Life of American Policeman (1905)
This famous follow-up to “Life of an American Fireman” by Edwin S. Porter is a longer movie, but oddly less satisfying than its predecessor. Where that movie was an innovation in bringing sequential narrative to film, this one seems to lose its thread and becomes more a series of unconnected vignettes.
The opening scene parallels the original, by showing us a policeman off duty at home, with his wife and small child. The man sits at the table, reading his newspaper and smoking, while the woman tends to the needs of two very small girls. Meanwhile, a slightly larger boy marches around the table in his father’s police helmet, and carrying his belt and nightstick. After a while, father rises to leave and mother brings him his coat. He gives each of the children a kiss in turn, and retrieves his articles from Junior, before going out the door. After he leaves, the woman brings the children to the window to wave, although we can see pretty clearly that there is nothing but a studio wall behind it. Note that this policeman has no mustache.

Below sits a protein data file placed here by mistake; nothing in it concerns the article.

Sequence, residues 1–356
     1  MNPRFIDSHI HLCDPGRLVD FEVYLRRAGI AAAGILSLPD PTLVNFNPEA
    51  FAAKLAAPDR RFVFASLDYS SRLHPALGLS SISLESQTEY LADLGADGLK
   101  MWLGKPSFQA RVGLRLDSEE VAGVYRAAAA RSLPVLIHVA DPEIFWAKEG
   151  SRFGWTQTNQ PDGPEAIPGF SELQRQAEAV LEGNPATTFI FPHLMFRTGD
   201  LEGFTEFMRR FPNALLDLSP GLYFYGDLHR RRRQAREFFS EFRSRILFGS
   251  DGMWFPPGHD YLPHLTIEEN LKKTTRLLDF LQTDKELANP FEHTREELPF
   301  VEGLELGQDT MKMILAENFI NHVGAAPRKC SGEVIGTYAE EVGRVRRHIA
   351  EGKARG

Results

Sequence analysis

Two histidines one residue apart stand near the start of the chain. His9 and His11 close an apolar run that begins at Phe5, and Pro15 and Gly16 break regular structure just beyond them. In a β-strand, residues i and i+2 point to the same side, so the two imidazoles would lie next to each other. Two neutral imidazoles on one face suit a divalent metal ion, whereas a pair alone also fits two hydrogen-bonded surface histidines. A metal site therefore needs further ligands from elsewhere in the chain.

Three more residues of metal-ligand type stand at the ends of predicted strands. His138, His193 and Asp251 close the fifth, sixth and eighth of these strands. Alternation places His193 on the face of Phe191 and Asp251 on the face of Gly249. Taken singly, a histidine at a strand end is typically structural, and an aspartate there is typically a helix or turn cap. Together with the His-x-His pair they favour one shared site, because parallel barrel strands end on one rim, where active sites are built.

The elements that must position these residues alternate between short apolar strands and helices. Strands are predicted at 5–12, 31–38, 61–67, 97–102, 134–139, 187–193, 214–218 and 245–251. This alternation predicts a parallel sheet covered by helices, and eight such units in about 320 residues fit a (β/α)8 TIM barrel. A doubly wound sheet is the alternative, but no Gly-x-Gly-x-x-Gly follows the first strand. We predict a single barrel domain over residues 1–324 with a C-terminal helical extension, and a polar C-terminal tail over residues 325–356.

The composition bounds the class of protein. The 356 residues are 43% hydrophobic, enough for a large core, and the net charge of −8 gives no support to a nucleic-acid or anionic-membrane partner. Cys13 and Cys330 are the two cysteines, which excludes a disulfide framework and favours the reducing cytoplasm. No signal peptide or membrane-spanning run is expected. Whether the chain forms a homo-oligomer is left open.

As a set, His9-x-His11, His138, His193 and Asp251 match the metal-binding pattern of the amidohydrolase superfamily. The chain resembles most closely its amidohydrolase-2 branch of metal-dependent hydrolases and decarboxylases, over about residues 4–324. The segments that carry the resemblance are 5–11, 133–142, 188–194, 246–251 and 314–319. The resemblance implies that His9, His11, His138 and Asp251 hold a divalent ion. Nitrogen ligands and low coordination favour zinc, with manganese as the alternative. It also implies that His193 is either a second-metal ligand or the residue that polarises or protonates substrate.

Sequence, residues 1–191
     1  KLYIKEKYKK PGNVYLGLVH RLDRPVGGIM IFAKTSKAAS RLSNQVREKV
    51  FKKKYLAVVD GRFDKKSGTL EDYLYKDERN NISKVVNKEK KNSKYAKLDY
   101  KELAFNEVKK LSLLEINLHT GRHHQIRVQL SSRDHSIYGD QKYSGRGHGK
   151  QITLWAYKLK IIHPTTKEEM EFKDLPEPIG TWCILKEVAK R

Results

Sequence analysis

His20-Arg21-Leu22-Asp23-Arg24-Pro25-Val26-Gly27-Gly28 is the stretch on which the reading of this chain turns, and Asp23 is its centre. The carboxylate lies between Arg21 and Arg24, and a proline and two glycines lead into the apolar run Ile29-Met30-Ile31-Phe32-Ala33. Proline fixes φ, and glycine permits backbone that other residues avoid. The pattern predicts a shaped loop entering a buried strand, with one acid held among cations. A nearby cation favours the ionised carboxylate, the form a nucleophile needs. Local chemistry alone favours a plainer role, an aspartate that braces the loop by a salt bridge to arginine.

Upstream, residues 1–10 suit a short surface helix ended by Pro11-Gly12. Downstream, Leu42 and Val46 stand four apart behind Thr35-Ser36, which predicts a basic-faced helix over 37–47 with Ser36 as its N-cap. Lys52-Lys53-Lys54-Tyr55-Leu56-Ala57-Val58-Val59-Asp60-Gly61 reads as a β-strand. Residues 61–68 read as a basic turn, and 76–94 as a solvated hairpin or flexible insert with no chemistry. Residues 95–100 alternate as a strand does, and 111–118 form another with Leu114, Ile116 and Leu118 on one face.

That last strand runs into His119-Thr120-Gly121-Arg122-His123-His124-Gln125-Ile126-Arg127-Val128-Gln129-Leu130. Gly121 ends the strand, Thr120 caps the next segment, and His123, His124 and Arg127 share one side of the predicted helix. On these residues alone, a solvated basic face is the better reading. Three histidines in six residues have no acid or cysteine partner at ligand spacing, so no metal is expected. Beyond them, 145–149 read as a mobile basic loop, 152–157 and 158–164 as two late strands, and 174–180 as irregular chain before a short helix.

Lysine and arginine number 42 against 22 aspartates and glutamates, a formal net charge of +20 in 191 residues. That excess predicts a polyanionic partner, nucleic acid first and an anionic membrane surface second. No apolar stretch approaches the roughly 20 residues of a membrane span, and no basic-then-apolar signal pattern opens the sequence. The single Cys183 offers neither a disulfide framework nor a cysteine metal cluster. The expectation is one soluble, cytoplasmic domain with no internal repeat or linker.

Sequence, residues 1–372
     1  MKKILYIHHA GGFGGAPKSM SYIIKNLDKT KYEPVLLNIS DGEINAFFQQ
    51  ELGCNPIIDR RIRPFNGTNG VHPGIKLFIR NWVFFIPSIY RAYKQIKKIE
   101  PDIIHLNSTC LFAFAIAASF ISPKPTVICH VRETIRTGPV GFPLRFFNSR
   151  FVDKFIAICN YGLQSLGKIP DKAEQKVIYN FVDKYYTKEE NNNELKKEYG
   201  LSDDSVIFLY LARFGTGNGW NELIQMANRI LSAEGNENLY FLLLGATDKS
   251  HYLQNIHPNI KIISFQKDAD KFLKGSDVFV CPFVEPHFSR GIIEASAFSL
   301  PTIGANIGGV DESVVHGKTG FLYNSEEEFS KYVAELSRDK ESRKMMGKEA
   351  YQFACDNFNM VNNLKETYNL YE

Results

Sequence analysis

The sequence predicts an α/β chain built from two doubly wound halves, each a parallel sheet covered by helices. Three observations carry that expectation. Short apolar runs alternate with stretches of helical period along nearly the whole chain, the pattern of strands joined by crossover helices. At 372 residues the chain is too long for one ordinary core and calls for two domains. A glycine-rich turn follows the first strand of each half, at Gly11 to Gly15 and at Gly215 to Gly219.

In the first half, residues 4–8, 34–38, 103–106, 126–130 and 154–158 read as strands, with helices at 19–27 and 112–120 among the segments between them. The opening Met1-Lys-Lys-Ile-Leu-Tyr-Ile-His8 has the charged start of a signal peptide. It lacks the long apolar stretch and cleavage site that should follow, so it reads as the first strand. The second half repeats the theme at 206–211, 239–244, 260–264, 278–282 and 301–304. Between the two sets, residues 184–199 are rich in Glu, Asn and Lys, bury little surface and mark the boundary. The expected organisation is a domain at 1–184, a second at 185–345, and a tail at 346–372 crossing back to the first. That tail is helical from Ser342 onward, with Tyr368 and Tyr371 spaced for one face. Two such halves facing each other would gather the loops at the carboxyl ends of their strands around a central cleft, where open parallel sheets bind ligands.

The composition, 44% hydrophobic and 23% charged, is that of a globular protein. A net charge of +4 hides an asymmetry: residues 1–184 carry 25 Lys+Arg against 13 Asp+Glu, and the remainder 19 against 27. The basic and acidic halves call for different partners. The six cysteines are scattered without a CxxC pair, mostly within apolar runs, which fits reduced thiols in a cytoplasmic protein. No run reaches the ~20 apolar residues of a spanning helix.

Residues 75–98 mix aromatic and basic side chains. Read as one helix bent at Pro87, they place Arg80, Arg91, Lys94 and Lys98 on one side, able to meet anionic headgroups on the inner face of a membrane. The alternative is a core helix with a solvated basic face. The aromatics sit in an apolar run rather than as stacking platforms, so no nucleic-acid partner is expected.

The next shot shows the front of an urban police precinct. The doors open, and a large number of uniformed cops file out, representing the beginning of a work shift for the police force. The last two to depart seem to be partners, conversing about their work, and the younger of the two has no mustache and could be the man from the first scene. The next shot shows a lone policeman without a mustache approaching two small children on a stoop in front of a building. He picks up the smaller one, who seems to be in tears, and walks off. After a moment the larger girl follows, also wiping off tears. The next scene shows the policeman with the children on a busy commercial street. He stops at a fruit market and gets them some food. We then see a street-corner with heavy traffic. Pedestrians periodically dash between trolleys, and horse-drawn vehicles. A woman with a child seems to be afraid to cross until an un-mustached policeman takes her hand and escorts her across. We see that a trolley has stopped for the policeman and several other pedestrians take advantage of the gap to get through.